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EDINBURGH — The way Capetonians pulled together to stave off Day Zero last year as water supplies dwindled has been hailed internationally as an example of how people can fend off a major environmental disaster. This same spirit that got everyone sharing bathwater, cutting down on toilet flushes and collecting every drop of condensation in containers at home could be harnessed to put an end to the electricity crisis. That’s the message in this piece by Chris Yelland, who has applied his deep knowledge of engineering and the energy sector to suggest a solution to rolling blackouts. He recommends a system that will have many people contributing to electricity supply from private premises. Called small-scale embedded generation, it could provide the quickest option at least cost to government, reckons Yelland. All that’s needed is for the government to get moving. – Jackie Cameron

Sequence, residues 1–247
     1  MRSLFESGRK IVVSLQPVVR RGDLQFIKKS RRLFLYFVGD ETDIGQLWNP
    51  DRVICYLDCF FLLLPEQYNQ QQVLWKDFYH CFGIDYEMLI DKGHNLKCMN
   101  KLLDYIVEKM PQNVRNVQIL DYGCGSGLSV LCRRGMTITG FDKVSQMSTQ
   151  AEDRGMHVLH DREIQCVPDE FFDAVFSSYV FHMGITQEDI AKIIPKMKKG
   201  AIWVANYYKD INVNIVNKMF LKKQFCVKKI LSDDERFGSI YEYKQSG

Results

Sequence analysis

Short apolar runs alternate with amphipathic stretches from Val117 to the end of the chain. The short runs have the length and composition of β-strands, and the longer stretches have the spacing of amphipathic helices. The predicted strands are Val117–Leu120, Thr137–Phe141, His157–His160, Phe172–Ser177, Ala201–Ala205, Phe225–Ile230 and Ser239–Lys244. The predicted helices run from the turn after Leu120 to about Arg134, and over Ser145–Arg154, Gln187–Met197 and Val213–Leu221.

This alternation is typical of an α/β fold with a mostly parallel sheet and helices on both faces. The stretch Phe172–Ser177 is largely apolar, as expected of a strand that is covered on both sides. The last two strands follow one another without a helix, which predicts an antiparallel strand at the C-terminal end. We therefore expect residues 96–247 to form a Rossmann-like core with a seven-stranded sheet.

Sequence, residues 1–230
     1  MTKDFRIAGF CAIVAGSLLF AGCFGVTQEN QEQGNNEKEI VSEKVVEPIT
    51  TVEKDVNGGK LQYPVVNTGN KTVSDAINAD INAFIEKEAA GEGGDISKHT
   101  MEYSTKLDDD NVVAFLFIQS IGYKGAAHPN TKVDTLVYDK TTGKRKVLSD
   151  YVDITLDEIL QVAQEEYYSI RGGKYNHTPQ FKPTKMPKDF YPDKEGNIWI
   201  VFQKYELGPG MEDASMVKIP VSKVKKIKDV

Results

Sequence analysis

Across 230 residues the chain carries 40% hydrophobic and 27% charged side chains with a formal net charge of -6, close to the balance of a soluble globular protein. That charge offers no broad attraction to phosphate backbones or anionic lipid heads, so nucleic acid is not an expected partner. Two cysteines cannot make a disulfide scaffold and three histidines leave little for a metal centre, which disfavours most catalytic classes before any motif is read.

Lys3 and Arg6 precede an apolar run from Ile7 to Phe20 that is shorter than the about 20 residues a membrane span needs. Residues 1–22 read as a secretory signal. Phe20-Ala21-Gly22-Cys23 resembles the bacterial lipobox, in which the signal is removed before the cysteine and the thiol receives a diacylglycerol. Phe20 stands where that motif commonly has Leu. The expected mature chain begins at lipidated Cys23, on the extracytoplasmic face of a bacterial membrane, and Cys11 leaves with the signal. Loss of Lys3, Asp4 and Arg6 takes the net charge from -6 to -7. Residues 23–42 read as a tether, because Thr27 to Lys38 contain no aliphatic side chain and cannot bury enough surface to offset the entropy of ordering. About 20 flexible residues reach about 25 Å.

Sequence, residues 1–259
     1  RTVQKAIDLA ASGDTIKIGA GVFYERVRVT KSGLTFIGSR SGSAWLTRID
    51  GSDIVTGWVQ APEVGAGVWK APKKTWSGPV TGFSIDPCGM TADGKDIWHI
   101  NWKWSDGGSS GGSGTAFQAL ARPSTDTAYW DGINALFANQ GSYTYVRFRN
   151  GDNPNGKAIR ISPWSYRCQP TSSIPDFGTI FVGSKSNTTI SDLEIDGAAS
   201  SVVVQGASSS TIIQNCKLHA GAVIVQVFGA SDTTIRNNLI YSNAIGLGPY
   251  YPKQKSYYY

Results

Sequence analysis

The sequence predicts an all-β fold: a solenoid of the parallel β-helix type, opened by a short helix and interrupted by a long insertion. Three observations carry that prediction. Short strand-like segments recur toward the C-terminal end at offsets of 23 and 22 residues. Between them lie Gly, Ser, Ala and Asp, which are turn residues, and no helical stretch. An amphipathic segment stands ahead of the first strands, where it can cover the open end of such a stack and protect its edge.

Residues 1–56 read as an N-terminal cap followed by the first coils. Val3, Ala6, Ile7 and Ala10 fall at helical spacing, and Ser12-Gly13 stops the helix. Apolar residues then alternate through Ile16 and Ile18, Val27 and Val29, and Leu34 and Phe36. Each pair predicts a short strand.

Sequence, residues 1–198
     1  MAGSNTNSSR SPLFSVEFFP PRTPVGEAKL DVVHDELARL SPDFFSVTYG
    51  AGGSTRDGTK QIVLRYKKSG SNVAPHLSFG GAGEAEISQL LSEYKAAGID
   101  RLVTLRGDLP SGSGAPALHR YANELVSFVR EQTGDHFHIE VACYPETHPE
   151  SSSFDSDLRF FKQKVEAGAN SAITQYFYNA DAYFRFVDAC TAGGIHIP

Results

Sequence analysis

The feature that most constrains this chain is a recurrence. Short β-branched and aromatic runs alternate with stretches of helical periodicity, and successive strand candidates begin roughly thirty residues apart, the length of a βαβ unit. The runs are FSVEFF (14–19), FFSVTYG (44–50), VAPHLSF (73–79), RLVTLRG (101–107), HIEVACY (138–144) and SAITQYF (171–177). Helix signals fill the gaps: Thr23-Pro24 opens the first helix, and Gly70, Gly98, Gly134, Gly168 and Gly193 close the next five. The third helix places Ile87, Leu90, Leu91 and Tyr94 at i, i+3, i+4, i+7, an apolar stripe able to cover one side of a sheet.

Nero fiddles, while prospect of load shedding in SA continues…
By Chris Yelland*
Electricity customers and the public in South Africa experienced Stage 2 (2,000 MW) manual rotating load shedding in late 2018 and Stage 4 (4,000 MW) in February and March 2019. However, while Nero fiddles the prospect of further load shedding is set to continue in the months ahead.
But there seems little sign that the bureaucrats at the South African Department of Energy (DoE), the National Energy Regulator of South Africa (Nersa), and the country’s national electricity utility, Eskom, have quite grasped the depth of the problem, or what is required to bring new generation capacity on stream quickly.